The fishing industry has always been an industry that has been labeled as corrupt, an industry that follows unsustainable practices and is involved in human rights violations. Overfishing has been cited as a major culprit by UN for depleting marine resources, which is going to impact us in the long run. As a fact check, the illegal fishing industry is worth tens of billions of dollars a year. Which industry comes to your mind when you think of slavery or forced labour – May be diamond mining in Africa or forced labour employed in agricultural fields in developing countries. We can bet fishing might not have come even close when you thought of forced labour.
But in reality, it is one of the biggest industries that employ forced labor and still practices slavery. Slaves are generally made to work for long hours, sometimes up-to 22 hour shifts, for years at the sea without proper wages and food. Further, this industry also suffers from the issue of illegal fishing, where fishes are caught outside the legal boundaries of a specific country or a state. It has been estimated that around 20 to 30 percent of the fishes sold in the US are caught illegally. And all of this happens because of the huge demand for fish, with a whopping 2.6 billion people dependent on fish as an important part of their diet.
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Blockchain can be a great tool to transform this industry into a more sustainable, eco-friendly and humane industry. Let us understand its working through Tuna fish Tracking: Blockchain along with RFID tags and QR code can be used to collect and track the information about the journey that a Tuna fish has taken from the bait till it reaches the plate. As soon as a tuna is caught its tracking will start. Once the caught fish is boarded on the ship a reusable RFID tag will be attached to it. RFID reader devices will be installed on the vessel, at the port, and in the processing plant. These devices will automatically read information from this RFID tag and will upload the corresponding information on the blockchain.
After the fish has been processed, RFID tags will be removed and it will be replaced by cheaper QR codes which will be attached to the packaging of the fish. Each unique QR code will be linked to the information captured on the blockchain against that particular fish and its corresponding RFID tag. This QR code can then be used by the consumer to track the complete journey of the fish right from bait to his plate. Blockchain technology holds the potential to make fish catches more transparent and traceable, allowing consumers to refuse to buy illegally caught fish, or fish caught using slave labor.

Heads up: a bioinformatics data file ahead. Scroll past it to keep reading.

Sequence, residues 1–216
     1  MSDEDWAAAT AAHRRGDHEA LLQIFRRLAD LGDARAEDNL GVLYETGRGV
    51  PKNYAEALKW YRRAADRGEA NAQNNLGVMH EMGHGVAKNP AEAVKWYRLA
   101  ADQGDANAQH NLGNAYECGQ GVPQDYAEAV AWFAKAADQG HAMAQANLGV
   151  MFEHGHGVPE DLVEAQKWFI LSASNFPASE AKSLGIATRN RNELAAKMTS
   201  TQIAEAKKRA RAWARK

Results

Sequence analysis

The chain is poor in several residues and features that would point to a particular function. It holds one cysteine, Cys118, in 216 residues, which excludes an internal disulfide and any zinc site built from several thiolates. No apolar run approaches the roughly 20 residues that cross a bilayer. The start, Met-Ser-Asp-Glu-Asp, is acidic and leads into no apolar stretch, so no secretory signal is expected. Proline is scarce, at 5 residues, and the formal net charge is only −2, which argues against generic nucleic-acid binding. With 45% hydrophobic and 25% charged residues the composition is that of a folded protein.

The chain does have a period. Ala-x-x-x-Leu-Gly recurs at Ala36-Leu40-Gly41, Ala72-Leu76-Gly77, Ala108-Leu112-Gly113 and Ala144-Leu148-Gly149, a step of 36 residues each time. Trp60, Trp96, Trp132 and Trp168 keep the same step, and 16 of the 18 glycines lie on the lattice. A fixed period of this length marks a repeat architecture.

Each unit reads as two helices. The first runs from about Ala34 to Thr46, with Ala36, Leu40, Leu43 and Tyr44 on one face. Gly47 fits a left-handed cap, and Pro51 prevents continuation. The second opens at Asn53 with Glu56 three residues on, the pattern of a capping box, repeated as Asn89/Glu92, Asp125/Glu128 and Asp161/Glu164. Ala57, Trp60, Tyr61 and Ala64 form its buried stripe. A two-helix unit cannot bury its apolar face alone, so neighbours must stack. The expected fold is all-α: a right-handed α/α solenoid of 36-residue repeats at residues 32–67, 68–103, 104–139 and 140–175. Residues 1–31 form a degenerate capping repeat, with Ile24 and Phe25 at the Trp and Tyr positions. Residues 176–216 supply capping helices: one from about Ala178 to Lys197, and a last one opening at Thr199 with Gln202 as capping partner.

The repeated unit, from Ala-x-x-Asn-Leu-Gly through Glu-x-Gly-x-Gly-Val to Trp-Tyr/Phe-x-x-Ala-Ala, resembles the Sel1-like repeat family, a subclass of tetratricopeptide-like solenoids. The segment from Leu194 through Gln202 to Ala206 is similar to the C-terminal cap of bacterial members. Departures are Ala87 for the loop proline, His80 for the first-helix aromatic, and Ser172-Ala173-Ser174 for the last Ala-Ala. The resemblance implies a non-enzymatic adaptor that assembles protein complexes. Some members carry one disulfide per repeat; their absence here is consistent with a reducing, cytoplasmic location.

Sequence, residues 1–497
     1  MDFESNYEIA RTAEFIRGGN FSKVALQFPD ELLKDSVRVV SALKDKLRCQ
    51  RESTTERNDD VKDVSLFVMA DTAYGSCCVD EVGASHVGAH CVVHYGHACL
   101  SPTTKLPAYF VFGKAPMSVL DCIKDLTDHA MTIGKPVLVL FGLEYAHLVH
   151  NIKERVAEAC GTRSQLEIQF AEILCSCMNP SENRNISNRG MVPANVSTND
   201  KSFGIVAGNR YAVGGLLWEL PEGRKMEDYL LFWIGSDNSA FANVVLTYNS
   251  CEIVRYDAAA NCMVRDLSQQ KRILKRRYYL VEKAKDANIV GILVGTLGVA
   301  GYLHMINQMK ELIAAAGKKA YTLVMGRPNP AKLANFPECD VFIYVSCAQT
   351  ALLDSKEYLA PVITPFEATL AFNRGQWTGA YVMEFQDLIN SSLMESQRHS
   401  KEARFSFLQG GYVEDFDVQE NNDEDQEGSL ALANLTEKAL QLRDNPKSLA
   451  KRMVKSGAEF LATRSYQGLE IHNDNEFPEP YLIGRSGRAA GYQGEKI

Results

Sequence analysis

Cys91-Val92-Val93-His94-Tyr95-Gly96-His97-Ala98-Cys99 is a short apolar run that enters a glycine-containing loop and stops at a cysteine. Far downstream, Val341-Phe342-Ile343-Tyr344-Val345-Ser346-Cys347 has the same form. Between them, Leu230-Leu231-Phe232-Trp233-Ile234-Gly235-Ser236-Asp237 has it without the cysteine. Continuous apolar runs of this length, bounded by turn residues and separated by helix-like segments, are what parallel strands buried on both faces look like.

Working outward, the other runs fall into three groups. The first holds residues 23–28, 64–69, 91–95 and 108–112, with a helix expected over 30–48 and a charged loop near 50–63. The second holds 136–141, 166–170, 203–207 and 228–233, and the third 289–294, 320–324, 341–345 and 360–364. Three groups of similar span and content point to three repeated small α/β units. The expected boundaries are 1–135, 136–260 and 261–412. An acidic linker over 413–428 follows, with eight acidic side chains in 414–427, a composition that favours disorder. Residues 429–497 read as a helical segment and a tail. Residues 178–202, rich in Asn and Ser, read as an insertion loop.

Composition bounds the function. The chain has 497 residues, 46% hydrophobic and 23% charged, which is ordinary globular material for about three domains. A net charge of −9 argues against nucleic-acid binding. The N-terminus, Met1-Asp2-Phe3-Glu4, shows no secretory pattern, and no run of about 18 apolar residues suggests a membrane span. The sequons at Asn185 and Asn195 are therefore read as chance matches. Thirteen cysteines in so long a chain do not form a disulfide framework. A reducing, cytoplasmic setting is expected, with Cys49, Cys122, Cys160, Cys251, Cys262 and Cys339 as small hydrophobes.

Blockchain on its own won’t prevent illegal fishing, but it will make illegal actions discoverable and actionable. For monitoring and verifying that there is no human trafficking involved, the local trusted and registered NGOs can be partnered with. These NGOs can capture and upload the conditions of these fishermen on the blockchain.
Another very critical challenge faced by seafood industry is the fraudulent food labelling. According to a report published by a marine surveying organisation, one in every three seafood products sold in the US was incorrectly labelled. So the question is how can you be sure that the expensive Atlantic salmon sold under wild caught, you had for dinner last night was not just a cheap farm-grown salmon or perhaps not even salmon at all? In case of fish fraud, the cheaper fish are labelled as more expensive fish to attain more profits.
But through blockchain, a consumer can track the complete journey of the fish and can ensure that the fish or any other seafood he is buying, is actually the same that the label states. Additionally, since fish is a perishable food, it can become unfit for consumption if kept at temperature above the desired range as at such temperature it can become a breeding ground for harmful bacteria.
The sensors attached to the fish such as temperature sensors can log these additional details such as temperature of the fish during its storage and transportation on the shared ledger. And through blockchain, the end consumer can scan the unique QR code on the fish packaging and can verify that the fish he is buying had been kept at the specified temperature and conditions throughout its journey. Apart from this, buyers can also check important details about the fish like its species, size, weight, location of harvest, time and date of harvest, the identity of the producers, and the way in which the seafood was handled.
But for this, these data points need to be captured and stored on the blockchain at every point in the supply chain. Thus it won’t be wrong to say that Blockchain can disrupt the fishing industry and make it more sustainable, transparent and eco friendly.
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